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‘Time is money’: In this country, time can be deposited in banks

People are generally aware of the phrase ‘time is money,’ but few consider it a viable alternative to cash, and even fewer have used it in this way. Prior to the advent of technology, time was donated on a voluntary basis or as part of a mutual support arrangement among friends or neighbors.

Thousands of individuals can now track their time accurately and quickly. This converts it into a form of money that can be deposited into a bank account and exchanged for desired goods and services. Swiss citizens can save their time and use it later if they deposit it in the Swiss TimeBank. The Swiss Ministry of Health designed the TimeBank concept as an old-age assistance program.

A ‘time bank’ scheme allows people to volunteer to provide assistance to the elderly. The number of hours spent with or caring for the elderly is credited to their social security accounts. As the volunteer reaches the age when he or she needs support, he or she can access the ‘time bank’. A volunteer will be there to help. According to a panel of the National Human Rights Commission, India should adopt the ‘time bank’ scheme.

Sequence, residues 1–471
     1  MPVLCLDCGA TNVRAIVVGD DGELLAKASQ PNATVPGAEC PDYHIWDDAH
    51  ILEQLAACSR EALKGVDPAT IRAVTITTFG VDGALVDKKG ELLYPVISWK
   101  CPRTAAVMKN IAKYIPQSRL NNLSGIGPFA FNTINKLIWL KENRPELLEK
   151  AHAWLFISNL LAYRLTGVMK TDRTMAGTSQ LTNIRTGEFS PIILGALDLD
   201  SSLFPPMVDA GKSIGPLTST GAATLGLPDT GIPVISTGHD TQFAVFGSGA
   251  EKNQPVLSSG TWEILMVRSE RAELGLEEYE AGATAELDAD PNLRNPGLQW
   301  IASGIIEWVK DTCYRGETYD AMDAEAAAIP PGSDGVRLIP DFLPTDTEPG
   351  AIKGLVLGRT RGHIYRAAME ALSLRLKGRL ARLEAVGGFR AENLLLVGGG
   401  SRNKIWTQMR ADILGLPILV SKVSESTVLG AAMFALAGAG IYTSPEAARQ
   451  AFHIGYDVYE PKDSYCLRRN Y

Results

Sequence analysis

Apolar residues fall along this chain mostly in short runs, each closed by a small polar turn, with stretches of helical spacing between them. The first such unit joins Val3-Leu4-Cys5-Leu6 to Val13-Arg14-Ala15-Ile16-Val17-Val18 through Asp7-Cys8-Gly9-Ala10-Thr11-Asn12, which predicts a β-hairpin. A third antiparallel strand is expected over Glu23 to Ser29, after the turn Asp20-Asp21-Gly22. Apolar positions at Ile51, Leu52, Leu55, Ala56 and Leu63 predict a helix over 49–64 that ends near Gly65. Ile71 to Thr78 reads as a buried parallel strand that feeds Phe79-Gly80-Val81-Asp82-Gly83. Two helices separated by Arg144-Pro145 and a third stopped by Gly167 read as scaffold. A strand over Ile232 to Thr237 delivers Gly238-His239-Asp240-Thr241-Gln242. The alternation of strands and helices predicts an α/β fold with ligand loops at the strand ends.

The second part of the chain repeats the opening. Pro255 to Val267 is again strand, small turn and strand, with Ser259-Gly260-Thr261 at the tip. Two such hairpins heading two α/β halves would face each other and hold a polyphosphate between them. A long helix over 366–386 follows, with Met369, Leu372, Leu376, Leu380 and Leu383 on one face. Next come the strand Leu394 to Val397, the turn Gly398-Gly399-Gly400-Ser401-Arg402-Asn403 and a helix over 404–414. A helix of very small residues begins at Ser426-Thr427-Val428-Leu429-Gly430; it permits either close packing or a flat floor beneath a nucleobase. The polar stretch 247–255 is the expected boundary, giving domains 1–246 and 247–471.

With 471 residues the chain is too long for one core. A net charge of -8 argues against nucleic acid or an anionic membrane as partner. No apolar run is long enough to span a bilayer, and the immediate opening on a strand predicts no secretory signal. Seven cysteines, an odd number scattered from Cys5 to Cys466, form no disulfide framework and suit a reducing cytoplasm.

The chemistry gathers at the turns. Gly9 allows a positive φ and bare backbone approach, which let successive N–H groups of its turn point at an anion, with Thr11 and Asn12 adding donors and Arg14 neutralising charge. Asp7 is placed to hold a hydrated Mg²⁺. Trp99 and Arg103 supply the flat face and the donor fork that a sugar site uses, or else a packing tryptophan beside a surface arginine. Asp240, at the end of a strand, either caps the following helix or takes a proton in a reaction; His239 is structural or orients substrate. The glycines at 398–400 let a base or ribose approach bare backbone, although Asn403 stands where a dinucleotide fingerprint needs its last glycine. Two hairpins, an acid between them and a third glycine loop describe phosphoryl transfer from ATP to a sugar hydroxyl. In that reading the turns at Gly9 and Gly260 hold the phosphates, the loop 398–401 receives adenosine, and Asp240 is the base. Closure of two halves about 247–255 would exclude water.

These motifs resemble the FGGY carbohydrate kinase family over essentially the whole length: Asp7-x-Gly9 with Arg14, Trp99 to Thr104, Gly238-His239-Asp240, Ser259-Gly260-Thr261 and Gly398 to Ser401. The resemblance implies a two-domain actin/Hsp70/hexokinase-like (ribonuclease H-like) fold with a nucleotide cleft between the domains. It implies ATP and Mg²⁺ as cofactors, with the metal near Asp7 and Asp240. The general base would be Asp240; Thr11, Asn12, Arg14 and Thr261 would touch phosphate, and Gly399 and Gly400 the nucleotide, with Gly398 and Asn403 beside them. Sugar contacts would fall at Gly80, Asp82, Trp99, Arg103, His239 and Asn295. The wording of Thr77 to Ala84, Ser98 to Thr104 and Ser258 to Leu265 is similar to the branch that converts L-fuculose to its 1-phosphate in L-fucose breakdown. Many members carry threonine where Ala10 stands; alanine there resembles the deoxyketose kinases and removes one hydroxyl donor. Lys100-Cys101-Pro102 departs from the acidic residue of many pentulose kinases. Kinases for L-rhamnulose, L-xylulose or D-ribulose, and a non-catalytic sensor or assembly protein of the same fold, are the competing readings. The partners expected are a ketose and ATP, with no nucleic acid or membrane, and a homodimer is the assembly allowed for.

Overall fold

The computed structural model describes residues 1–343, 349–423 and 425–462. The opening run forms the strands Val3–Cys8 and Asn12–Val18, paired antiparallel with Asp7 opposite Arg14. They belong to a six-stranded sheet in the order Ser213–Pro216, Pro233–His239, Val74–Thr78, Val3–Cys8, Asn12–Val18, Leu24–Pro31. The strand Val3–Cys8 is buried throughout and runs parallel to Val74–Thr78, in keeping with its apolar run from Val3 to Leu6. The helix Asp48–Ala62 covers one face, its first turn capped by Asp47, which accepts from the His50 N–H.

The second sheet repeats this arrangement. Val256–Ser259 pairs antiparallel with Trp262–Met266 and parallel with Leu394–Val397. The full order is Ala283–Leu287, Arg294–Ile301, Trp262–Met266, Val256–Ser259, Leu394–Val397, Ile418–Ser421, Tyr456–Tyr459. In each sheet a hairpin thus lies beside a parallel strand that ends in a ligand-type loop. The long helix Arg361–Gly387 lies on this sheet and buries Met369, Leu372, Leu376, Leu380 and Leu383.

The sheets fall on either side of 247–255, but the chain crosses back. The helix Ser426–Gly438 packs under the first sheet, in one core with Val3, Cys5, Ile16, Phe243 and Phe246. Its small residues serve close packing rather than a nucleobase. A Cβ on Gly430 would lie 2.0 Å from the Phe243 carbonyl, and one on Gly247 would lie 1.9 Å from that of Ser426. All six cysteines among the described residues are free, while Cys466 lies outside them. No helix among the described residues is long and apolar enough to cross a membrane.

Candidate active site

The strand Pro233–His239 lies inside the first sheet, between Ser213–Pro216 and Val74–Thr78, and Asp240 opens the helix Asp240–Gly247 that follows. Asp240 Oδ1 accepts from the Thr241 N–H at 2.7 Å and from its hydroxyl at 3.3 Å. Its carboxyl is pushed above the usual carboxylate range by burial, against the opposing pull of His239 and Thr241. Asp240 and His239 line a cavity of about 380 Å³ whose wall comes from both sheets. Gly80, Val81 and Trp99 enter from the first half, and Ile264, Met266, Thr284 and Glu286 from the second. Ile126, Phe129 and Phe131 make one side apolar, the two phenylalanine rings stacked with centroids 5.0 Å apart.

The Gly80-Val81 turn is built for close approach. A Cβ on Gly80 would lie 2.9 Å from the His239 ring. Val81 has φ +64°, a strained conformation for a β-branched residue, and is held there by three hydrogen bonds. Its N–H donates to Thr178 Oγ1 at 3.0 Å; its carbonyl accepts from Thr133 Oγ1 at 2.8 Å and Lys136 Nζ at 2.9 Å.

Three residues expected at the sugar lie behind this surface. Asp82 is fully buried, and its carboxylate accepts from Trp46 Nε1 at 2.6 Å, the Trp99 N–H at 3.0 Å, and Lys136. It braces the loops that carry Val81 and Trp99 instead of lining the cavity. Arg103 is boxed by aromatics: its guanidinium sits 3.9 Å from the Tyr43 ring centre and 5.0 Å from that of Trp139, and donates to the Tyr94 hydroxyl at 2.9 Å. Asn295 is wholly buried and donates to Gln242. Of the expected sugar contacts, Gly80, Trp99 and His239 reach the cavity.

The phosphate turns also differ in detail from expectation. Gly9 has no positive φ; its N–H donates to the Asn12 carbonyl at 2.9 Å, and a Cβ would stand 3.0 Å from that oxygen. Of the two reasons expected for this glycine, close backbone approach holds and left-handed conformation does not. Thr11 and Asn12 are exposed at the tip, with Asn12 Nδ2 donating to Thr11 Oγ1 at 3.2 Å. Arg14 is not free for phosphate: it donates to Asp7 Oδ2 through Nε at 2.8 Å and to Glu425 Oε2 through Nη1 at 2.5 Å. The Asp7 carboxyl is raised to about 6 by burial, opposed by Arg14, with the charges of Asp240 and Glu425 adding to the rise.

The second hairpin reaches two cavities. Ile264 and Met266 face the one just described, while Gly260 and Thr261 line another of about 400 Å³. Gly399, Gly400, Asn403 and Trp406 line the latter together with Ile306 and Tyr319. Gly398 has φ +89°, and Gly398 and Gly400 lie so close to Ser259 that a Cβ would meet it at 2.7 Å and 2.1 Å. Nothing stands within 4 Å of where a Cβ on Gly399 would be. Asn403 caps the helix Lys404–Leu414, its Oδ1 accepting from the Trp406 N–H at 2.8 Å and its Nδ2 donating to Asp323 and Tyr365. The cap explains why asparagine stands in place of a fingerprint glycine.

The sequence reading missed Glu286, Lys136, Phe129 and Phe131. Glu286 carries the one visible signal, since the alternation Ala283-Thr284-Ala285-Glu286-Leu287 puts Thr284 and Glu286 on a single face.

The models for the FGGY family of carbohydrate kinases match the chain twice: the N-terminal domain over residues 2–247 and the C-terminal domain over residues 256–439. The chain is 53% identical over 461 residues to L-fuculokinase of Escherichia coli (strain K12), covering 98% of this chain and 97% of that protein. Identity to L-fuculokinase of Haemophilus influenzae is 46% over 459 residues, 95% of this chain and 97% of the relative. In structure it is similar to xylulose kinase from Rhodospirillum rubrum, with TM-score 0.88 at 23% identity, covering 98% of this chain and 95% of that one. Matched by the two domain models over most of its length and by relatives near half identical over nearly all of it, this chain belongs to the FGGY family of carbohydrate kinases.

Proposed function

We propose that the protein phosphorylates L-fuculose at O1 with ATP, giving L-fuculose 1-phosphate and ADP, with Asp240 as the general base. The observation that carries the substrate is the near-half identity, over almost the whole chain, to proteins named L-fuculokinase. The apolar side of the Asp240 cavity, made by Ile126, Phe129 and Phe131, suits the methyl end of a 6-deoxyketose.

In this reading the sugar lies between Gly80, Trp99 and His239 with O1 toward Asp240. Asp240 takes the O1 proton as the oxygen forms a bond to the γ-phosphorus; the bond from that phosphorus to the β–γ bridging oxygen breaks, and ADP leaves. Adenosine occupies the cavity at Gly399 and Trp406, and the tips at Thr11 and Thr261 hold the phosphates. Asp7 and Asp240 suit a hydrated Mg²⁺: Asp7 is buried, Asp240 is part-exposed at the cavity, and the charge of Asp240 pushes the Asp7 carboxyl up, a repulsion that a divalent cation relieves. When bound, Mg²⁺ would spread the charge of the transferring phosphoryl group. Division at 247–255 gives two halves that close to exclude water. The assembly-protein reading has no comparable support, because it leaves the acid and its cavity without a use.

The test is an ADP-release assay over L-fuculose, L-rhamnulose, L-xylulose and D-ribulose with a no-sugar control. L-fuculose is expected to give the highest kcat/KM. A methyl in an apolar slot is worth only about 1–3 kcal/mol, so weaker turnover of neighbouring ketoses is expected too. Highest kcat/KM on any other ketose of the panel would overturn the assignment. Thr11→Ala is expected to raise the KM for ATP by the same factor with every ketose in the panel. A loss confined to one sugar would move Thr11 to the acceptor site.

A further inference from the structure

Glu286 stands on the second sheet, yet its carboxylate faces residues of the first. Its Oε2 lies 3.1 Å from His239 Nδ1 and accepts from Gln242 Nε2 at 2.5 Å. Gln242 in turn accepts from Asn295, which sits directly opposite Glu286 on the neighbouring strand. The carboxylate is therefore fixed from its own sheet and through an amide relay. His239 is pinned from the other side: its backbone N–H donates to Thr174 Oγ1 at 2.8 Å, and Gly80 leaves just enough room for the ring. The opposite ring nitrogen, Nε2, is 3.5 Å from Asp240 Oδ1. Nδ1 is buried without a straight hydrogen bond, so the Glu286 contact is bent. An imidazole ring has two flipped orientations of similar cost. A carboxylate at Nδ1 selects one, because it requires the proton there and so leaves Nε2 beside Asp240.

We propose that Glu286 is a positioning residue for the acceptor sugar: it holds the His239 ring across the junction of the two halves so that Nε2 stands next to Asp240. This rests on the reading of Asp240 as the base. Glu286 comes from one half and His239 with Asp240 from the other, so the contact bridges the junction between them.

The scheme:

People can ‘deposit’ and ‘withdraw’ their time through the TimeBank system based on their abilities and needs. This ideology was born out of altruistic principles from a simpler era. It is both simple and noble.

The process:

It is simple to understand the concept of time banking. Individuals or organizations provide time-based services to other organizations. It could also include IT services, consultations, babysitting, hairdressing, gardening, construction, tutoring, or any other time-consuming task. Time banks are used to track how much time is spent providing service. As time-based units accumulate in the time bank, they can be used to purchase time-based services from other people.

Nations implementing this system:

Apart from Switzerland, the UK has adopted the ‘time bank’ plan, and Singapore is considering doing the same.


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